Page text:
Is Dutch senior secondary vocational education (middelbaar beroepsonderwijs - mbo) able to respond to rapid labour market changes? And are VET students well-equipped for a good start and lifelong sustainable employability? The report A calling for vocational training (Beroep op het mbo) published in autumn 2017 by the Institute for Social Research (SCP), presents the views of teachers, managers, intermediaries and learners on the responsiveness and flexibility of mbo.
Against the backdrop of a radically changing middle segment of the labour market, SCP investigated how VET stakeholders assess the opportunities for students. Mbo is, after all, a form of education geared specifically towards that middle segment.
The report addresses four main issues.
- What efforts are made to keep mbo-programmes topical, relevant and innovative? To what extent do mbo-schools cooperate with prospective employers and regional centres of expertise? To what extent is the training offer adapted? To what extent are systems in place to share knowledge and professionalise the teaching staff?
- What do stakeholders think constitutes a good skill set to ensure that learners are well equipped to enter the labour market? What are the views of former students on this?
- Which skills do stakeholders consider important for employment in the future, and how do they rate the importance of lifelong learning?
- How do those involved in mbo view recent changes in the system? What is going well in terms of responsiveness and what are points of concern?
While roughly half of the interviewed mbo teachers believe the programmes provide students with sufficient knowledge and skills to enable them to remain in work in the future, others doubt this optimistic view. There are doubts about the responsiveness of students in the lower mbo levels in particular, while in the upper mbo tracks there are fears of job displacement by graduates from universities of applied sciences (hbo). According to mbo teachers, work placements are generally under pressure: the number of internships is by no means adequate and, in many cases, the space allocated for them in the curriculum has been curtailed.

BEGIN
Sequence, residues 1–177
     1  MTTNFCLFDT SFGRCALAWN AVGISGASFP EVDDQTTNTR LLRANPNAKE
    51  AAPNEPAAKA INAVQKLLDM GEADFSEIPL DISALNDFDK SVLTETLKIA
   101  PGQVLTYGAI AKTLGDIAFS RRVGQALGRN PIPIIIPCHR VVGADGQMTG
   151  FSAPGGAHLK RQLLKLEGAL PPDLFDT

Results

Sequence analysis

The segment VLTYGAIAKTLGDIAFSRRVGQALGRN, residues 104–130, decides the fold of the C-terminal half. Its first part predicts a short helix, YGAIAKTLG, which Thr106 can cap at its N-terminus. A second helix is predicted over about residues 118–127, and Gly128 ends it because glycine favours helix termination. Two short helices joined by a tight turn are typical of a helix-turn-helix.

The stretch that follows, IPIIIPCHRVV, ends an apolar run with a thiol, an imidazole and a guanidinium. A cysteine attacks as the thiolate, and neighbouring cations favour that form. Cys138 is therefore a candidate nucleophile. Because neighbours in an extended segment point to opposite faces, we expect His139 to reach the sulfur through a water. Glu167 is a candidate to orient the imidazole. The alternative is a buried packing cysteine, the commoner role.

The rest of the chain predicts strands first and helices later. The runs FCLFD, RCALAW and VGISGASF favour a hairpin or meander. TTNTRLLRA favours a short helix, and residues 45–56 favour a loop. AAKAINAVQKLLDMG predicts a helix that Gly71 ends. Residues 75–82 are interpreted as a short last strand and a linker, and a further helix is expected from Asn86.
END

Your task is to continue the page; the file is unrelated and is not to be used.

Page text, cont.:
mbo graduates themselves, interviewed 18 months after completing their programmes, report that personality characteristics and job-specific knowledge are the most important skills in their current jobs. Other skills are also important. Only basic skills, such as maths and language, are considered to be less important.
A difficult challenge: looking for a balance
mbo faces a difficult challenge in meeting the changing requirements of the labour market, taking into account its other goals and students’ capabilities, interests and talents. At the same time, education and training will always lag behind developments in occupational practice, and the long-term interests of learners will not always correspond to the short-term needs of prospective employers.
Ultimately, absolute responsiveness is not feasible: the programmes are too short and future labour market developments too uncertain. And not all the skills needed can be – or need to be – taught or developed within mbo.
mbo students are trained as beginning professionals; their further learning and development will take place largely informally on the job. Even now, students say they learn many skills outside college. It is important that a solid basis for a good beginning is established during the initial phase, so mbo graduates can build on this throughout their careers.